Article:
As it is, he was reburied in the small cemetery next to the Mausoleum along with his wife who died in 1937.

Rumour has it, this was because his coffin was too large to go through the door. Given the size of the door, this seems unlikely.

In 1998 the public were granted access to the site by the Trustees of Greyladyes Estate in return for management of the land by Bursledon Parish Council.

External Links and References

  • External Links

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TS Mercury Memorial

Location

Hampshire Map

OS Ref: SU 484 077

Last Visited: 2016

TS Mercury Memorial

TS Mercury Memorial

On the banks of the River Hamble, a short walk from the end of Mercury Gardens, is a low plinth marking the location of the TS Mercury. It carries a simple plaque reading:

T.S. MERCURY
1885-1968
MEN ARE THE SOULS OF SHIPS

This was a largely shore based establishment occupying a number of buildings that used to be on the river bank here. It also made use of an old naval hulk, at that time known as HMS President, as an accommodation block.

It was founded by Charles Hoare (of the banking family) and trained over 5,000 young men for Royal and Merchant Navies between 1892 and 1968. The conditions were always Spartan and harsh. For many years it was run by the formidable Beatrice Fry and her cricketer husband CB Fry. On the back of the plinth is a very flowery poem by Fry:

....AND SO SHE PASSED INTO
THE QUIET STARLIT WATER
OF MEMORY AND THERE SHE WILL
REMAIN UNTIL THE STARS PALE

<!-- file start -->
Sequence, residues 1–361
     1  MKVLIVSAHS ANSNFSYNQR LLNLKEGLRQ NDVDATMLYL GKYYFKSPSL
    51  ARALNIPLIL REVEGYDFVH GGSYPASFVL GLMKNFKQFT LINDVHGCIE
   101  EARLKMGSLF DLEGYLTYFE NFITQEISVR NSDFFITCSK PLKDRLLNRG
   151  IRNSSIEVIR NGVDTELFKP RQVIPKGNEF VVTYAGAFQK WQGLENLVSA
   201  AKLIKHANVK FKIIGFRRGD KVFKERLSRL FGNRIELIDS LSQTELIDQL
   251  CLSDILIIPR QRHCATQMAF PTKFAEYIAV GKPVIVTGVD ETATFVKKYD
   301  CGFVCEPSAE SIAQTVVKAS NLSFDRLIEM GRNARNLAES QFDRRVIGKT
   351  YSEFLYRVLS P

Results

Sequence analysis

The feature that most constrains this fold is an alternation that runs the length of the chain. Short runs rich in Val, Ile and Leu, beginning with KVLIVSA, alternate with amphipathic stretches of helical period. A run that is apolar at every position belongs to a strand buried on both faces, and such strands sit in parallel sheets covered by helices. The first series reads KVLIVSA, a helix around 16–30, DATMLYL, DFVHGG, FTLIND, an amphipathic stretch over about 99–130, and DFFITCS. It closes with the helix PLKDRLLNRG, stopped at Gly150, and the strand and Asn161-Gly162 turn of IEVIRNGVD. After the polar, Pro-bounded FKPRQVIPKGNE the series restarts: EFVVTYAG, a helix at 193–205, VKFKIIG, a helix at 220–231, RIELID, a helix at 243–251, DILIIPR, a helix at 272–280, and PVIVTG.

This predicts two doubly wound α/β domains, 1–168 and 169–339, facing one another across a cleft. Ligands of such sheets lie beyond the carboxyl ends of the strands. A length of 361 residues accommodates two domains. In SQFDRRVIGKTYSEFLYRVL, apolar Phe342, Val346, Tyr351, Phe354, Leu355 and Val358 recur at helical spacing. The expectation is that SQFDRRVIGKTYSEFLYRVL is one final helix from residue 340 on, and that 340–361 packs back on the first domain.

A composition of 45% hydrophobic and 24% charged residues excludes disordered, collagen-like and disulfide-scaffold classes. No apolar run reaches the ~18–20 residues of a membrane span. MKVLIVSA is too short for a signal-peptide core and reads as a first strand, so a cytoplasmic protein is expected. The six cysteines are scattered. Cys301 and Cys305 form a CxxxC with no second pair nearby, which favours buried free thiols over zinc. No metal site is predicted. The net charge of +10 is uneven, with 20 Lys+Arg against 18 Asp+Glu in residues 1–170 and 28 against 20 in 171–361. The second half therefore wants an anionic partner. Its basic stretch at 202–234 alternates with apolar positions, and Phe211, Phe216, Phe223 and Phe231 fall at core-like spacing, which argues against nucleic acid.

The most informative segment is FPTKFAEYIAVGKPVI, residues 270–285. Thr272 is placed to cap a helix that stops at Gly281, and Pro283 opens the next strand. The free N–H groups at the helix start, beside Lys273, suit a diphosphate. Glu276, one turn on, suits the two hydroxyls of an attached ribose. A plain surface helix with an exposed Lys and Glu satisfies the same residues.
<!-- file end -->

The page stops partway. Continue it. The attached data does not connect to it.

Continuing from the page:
IN THE GREAT DAWN WHICH WILL
TURN HER SPARS TO GOLD
....SHE WILL LAY A COURSE FOR
THE ISLANDS OF THE BLESSED
TO JOIN COMPANY WITH ALL
GOOD SHIPS
IN THE SPLENDID HAVEN....
BEATRICE FRY 1918

I'm not sure that when she referred to a "the splendid haven" she was thinking of the Historic Dockyard at Chatham, but this is were HMS President can now be found, largely restored to her original condition and under her original name, HMS Gannet.

External Links and References

  • External Links

    • HMS_Gannet
      The relevant section of the official Historic Dockyards, Chatham site.
      http://thedockyard.co.uk/explore/three-historic-warships/hms-gannet/
    • Training Ship Mercury
      The official site of the Mercury Old Boys' Association.
      http://www.tsmercury.com/

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The Nelson Monument

Location

Hampshire Map

OS Ref: SU 610 071

Last Visited: 2016

The Nelson Monument Portsdown

The Nelson Monument
Portsdown

There are many monuments to Nelson: The only one erected in his lifetime is on a remote hilltop in the Welsh Marches at The Kymin.

The Nelson Monument on Portsdown north of Portsmouth was originally erected shortly after his death during the Battle of Trafalgar in 1805, but needed to be replaced in 1899.

The inscription reads:

CONSECRATED
TO THE MEMORY OF
LORD VISCOUNT NELSON
BY THE ZEALOUS ATTACHMENT
OF ALL THOSE WHO FOUGHT AT
TRAFALGAR
TO PERPETUATE HIS TRIUMPH
AND THEIR REGRET
MDCCCV

Indeed such was the "zealous attachment" of those who served under him that they donated two days' pay towards the cost of the monument.

Nearby is Fort Nelson, home to a Royal Armouries Museum, the only one of the local forts not to be named after the nearest settlement.

A commemorative ceremony is held here on the 21 October every year to mark Trafalgar Day, the anniversary of Nelson's death.